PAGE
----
“It tells us about everyone, including people who don’t even know they’re sick,” he said. Wastewater monitoring has become more widespread over the past year, thanks in part to funding from the Centers for Disease Control and Prevention. However, setting up sewage testing and incorporating variant tracking can be logistically challenging for health departments.
Anand and her colleagues flagged a specific coronavirus mutation. They say more attention needs to be paid to potential factors for increased infection or severity. The study, which has yet to be peer-reviewed, could be a starting point for identifying the next major subspecies of concern in New York City, as well as for designing variant-specific therapies and vaccines. It can also be a starting point.
The Documenting COVID-19 project, which published this article in partnership with Gothamist, explored the implications of this study through interviews with the authors and outside experts as part of an ongoing study on wastewater monitoring for COVID-19. did. The Documenting COVID-19 project is supported in part by the Brown Institute for Media Innovation at Columbia University. This laboratory is not affiliated with the lab that conducted this study.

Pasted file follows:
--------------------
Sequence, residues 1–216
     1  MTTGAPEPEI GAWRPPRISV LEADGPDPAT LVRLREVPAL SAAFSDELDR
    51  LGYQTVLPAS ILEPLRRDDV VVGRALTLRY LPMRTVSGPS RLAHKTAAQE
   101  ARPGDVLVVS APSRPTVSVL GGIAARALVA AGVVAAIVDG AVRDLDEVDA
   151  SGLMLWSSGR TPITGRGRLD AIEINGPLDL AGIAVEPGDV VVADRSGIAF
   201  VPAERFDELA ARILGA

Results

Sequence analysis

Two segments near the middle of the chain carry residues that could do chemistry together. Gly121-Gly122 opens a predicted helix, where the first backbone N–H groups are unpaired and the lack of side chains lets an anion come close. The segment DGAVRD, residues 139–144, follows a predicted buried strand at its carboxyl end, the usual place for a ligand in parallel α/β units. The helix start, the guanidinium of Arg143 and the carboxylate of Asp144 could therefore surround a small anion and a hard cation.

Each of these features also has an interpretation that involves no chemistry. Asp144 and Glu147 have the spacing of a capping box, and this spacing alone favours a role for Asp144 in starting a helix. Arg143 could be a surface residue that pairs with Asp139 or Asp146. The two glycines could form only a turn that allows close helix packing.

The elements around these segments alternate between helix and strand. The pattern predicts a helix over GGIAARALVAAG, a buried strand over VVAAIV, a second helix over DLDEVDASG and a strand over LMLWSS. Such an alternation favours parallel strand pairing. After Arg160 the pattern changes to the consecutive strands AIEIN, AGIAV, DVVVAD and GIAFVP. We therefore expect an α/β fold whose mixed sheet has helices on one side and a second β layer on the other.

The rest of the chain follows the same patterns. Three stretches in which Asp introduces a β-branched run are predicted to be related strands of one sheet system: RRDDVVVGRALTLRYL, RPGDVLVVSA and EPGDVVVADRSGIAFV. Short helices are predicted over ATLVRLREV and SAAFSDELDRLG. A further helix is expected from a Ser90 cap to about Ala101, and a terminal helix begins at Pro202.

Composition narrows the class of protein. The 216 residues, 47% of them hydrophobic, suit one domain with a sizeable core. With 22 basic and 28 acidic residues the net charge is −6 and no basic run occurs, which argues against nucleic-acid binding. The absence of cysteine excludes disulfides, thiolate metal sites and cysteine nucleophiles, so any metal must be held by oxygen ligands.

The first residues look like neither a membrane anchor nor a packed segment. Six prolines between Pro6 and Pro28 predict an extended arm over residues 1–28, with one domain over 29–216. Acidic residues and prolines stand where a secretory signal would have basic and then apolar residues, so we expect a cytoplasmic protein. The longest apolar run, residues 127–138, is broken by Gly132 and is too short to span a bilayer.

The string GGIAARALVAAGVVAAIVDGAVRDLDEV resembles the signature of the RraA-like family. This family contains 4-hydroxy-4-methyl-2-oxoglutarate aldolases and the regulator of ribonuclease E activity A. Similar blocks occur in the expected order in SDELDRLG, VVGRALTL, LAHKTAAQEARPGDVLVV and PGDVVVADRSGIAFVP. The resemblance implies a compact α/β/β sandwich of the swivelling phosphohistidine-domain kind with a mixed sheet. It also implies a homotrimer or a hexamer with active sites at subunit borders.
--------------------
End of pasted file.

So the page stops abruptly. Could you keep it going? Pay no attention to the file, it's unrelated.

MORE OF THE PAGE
Identification of new mutations
Chandran’s team is analyzing wastewater samples from a Columbia University building and two wastewater treatment plants. They are the North River Wastewater Treatment Plant in Upper Manhattan and the Little Ferry Wastewater Treatment Plant in Bergen County, New Jersey. Each plant serves approximately 500,000 people.
By sequencing these samples, researchers were able to track various subspecies that New Yorkers have known all too well over the past year and a half. Alpha and Iota (the “New York variant”) take control of the sewage treatment plant in his early 2021, followed by Delta and Omicron.
Johnson acknowledges that many of the mutations reported in the study are “some of the variants of concern” that are considered more harmful by public health agencies.
Chandran and his team did more than just identify these variants by analyzing all parts of the coronavirus genome. This is the part that attaches to human cells and allows them to enter.